# The Unapologetic Mathematician

## Integrals over Manifolds (part 1)

We’ve defined how to integrate forms over chains made up of singular cubes, but we still haven’t really defined integration on manifolds. We’ve sort of waved our hands at the idea that integrating over a cube is the same as integrating over its image, but this needs firming up. In particular, we will restrict to oriented manifolds.

To this end, we start by supposing that an $n$-form $\omega$ is supported in the image of an orientation-preserving singular $n$-cube $c:[0,1]^n\to M$. Then we will define

$\displaystyle\int\limits_M\omega=\int\limits_c\omega$

Indeed, here the image of $c$ is some embedded submanifold of $M$ that even agrees with its orientation. And since $\omega$ is zero outside of this submanifold it makes sense to say that the integral over the submanifold — over the singular cube $c$ — is the same as the integral over the whole manifold.

What if we have two orientation-preserving singular cubes $c_1$ and $c_2$ that both contain the support of $\omega$? It only makes sense that they should give the same integral. And, indeed, we find that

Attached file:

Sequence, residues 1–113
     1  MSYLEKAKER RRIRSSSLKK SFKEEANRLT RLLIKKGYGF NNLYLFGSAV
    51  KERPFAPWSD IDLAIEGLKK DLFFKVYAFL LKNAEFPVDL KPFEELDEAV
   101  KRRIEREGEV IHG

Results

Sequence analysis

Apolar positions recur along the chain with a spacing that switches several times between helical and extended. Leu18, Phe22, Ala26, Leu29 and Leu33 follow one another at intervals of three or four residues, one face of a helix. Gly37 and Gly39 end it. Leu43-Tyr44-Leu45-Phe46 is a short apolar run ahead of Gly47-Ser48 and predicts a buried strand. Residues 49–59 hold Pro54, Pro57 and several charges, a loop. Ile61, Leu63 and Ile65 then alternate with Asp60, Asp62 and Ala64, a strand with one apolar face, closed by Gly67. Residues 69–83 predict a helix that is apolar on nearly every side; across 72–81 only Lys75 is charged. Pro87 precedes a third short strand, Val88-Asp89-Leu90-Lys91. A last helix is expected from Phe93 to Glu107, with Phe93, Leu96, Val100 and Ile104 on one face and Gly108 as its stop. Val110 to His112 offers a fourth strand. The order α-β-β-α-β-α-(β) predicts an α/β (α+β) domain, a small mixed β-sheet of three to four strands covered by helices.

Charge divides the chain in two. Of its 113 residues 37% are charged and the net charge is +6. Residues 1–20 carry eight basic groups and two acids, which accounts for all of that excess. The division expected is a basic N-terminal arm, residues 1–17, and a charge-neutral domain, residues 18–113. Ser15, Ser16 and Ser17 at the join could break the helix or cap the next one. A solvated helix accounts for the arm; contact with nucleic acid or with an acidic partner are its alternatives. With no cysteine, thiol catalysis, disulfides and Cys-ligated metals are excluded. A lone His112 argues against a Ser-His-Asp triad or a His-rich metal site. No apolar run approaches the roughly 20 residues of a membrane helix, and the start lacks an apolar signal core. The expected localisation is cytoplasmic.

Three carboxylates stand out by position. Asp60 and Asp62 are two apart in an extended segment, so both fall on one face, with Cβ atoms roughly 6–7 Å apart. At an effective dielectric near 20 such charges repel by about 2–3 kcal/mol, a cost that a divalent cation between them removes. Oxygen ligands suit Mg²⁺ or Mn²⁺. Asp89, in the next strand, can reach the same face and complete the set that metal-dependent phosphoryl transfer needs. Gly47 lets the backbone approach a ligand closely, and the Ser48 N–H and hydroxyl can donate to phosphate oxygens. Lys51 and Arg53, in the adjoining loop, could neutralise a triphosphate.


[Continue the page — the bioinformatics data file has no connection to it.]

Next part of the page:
$\displaystyle\int\limits_{c_2}\omega=\int\limits_{c_2\circ c_2^{-1}\circ c_1}\omega=\int\limits_{c_1}\omega$

where we use $c_2^{-1}\circ c_1$ to reparameterize our integral. Of course, this function may not be defined on all of $[0,1]^n$, but it’s defined on $c_1\left([0,1]^n\right)\cap c_2\left([0,1]^n\right)$, where $\omega$ is supported, and that’s enough.

September 5, 2011 - Posted by | Differential Topology, Topology

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3. […] Remembering that diffeomorphism is meant to be our idea of what it means for two smooth manifolds to be “equivalent”, this means that is either equivalent to or to . And I say that this equivalence comes out in integrals. […]

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